5 More Foods We Could Lose to Climate Change

Andreas Klippe Comments October 22, 2019

We had written about how we could lose coffee due to climate change. But, our caffeine fix isn’t the only thing in danger. Ecosystems are so diverse and interdependent that if you assume that other food items are also in danger, you would be right! If you ever needed more motivation to become more eco-friendly, here are 5 more food items we could lose due to climate change.



Rice is one of humankind’s earliest attempts at agriculture and one of its oldest food sources. We literally have been growing it for thousands of years, how could it suddenly be in danger?

According to the UN, climate change is one of the main culprits. Rising temperatures, rising sea levels, and changes in rain patterns have all affected rice production. This comes as very bad news for the 35 countries that are classified as highly to very highly dependent on rice for caloric consumption; as well as countries where the proliferation of rice is done for hunger reduction and poverty alleviation.

Newer disaster-resilient variants of rice have been endorsed to and by farmers, however it comes with a price. Without proper conservation and storage, modern rice variants threaten heritage and traditional rice variants.



West Africa has 3 out of the top 7 producers of cacao beans, from which we get chocolate. The Ivory Coast, Ghana, and Nigeria produced a combined 3.2 million out of the 5.2 million tons of cacao consumed in 2017.

Cacao trees are fairly sensitive to their environment. With the growth suitability of cacao trees moving to higher altitudes, the plains of West Africa where most cacao is currently grown are slowly becoming incompatible. To make matters worse, moving cacao plantations to higher altitudes will mean forest clearing, aggravating the effects of climate change.

West African cacao farmers have been urged to diversify their crops, while cacao production has spread to other countries. As cacao trees take years before pods are harvested, a dip in chocolate supply is very much expected.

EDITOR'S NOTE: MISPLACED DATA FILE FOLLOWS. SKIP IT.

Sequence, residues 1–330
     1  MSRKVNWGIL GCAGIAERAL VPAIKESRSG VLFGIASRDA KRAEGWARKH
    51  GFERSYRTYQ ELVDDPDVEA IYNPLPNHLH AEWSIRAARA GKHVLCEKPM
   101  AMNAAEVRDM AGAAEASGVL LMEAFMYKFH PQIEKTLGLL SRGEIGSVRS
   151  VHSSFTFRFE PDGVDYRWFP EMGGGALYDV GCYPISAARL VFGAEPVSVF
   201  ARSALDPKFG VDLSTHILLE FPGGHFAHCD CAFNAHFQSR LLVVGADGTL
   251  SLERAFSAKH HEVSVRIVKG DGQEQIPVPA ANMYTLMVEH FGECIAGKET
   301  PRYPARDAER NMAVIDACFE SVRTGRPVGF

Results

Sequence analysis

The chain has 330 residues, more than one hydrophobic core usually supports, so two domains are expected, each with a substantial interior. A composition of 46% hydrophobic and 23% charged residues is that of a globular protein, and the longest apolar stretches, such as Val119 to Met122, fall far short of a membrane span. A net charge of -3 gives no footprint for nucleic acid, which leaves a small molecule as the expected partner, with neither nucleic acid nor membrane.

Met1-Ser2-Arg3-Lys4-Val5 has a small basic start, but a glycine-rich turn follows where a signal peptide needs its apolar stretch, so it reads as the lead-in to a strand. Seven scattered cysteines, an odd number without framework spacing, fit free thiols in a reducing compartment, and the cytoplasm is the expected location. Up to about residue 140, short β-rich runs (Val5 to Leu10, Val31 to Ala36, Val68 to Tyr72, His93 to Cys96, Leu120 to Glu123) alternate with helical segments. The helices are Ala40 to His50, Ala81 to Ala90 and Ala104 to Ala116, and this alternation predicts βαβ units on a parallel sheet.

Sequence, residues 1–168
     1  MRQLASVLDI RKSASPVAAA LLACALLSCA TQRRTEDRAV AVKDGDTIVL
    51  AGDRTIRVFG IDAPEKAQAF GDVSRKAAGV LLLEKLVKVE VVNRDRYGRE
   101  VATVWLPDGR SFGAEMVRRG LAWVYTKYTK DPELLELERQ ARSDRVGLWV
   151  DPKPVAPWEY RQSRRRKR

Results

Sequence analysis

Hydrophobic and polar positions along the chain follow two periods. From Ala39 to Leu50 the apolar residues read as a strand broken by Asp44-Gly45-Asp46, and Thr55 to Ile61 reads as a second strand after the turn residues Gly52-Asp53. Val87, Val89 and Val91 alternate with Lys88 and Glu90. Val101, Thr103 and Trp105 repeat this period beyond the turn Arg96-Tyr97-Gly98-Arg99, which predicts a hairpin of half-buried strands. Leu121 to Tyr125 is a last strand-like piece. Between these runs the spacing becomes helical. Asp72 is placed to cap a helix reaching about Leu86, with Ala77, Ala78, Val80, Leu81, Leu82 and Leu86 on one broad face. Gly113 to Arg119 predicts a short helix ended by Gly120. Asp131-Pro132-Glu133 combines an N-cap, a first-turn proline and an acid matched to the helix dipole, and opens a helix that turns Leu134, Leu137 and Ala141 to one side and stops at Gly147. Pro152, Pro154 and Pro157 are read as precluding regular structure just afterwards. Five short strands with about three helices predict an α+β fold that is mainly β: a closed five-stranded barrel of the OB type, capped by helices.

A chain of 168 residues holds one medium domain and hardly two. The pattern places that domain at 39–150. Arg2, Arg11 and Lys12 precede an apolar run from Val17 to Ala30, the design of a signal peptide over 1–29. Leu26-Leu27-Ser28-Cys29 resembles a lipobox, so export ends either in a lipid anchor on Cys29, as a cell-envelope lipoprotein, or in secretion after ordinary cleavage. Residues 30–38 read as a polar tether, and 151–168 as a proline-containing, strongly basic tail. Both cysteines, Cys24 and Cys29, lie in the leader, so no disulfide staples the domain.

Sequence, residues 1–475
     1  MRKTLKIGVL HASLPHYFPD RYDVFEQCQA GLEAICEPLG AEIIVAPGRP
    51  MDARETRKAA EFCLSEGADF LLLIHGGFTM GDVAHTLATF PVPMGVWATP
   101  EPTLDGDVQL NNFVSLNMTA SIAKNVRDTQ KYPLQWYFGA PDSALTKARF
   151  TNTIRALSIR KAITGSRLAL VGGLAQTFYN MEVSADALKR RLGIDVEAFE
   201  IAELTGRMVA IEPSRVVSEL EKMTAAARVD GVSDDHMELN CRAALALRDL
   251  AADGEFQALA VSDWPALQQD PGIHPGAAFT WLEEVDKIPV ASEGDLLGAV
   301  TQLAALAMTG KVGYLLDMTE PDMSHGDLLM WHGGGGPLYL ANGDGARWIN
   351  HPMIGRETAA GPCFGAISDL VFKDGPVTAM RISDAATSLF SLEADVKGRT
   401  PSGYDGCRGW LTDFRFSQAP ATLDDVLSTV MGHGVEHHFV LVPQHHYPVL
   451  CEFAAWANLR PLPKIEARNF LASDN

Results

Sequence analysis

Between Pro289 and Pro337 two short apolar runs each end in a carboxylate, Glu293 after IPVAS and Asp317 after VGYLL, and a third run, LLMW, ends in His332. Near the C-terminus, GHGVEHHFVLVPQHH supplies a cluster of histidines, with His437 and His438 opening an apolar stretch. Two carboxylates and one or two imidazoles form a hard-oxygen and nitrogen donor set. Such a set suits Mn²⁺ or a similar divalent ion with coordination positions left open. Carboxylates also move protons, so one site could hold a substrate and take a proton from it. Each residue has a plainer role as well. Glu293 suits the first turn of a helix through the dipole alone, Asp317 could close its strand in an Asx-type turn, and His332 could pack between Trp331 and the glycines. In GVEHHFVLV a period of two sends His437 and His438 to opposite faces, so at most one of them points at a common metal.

Next to water, tea is the most consumed beverage in the world. Tea can be consumed hot or cold, sweet or bitter, and most teas have health benefits. No wonder it’s so popular!

In 2016, up to 55 million tons of tea were consumed worldwide. Most of the world’s tea supply comes from South China and India, both of which are prone to drought and increasingly irregular weather patterns. Now, climate change threatens world tea supplies and even the health benefits of tea. Insects and pests previously inactive have also come in tea-producing regions.

Rising temperatures are not only dangerous for tea plants but also tea farmers, who pick tea leaves by hand.



Another one of the most enjoyed beverages in the world: beer is so historic that laws have been written regarding its regulation and brewing. Quality ingredients are fundamental for brewing great beer. It is so important that in 1516, the Bavarian Purity law or Reinheitsgebot was written to standardize the ingredients for beer and it is still in effect to this day.

Barley, one of the basic ingredients of beer, provides alcohol and flavor. So unless you like tasteless non-alcoholic beer, you need to concern yourself with an incoming shortage of barley due to ruined crops. Barley crops suffered both extreme cold and heat in 2019, creating short- and long-term supply problems. Scientists, however, are confident with a newly developed drought-resistant strain of barley.



Your sweets are definitely in trouble because bee populations are dwindling. Bee populations worldwide have been in significant decline since 2006 due to colony collapse, a disorder where worker bees leave their queen. Urbanization, viruses, fungi, insecticides, and climate change have all contributed to the attrition.

As major pollinators, the loss of bees affect the baseline of agriculture, both wild and domestic. Bees are so important, our food supply as a species heavily depend on them. To counter this, some farmers have taken to renting bees. And while domestic beekeeping has become more accessible, wild bees should be equally valued as diseases from domestic bees have been spreading to wild bees.

Stock Up!

Those are 5 foods we could lose in the future due to climate change, there are a lot more others. Check the internet if your favorite food is safe from climate change and let us know on Facebook, Twitter, or email us!

We’ll review more aspects of climate change and flood-readiness in the future. To make sure you see them, sign up for the Flood Control Asia newsletter.

Andreas Klippe

About the author

Andreas Klippe is founder of the Asian Center for Flood Control located in Clark Freeport Zone, Philippines.

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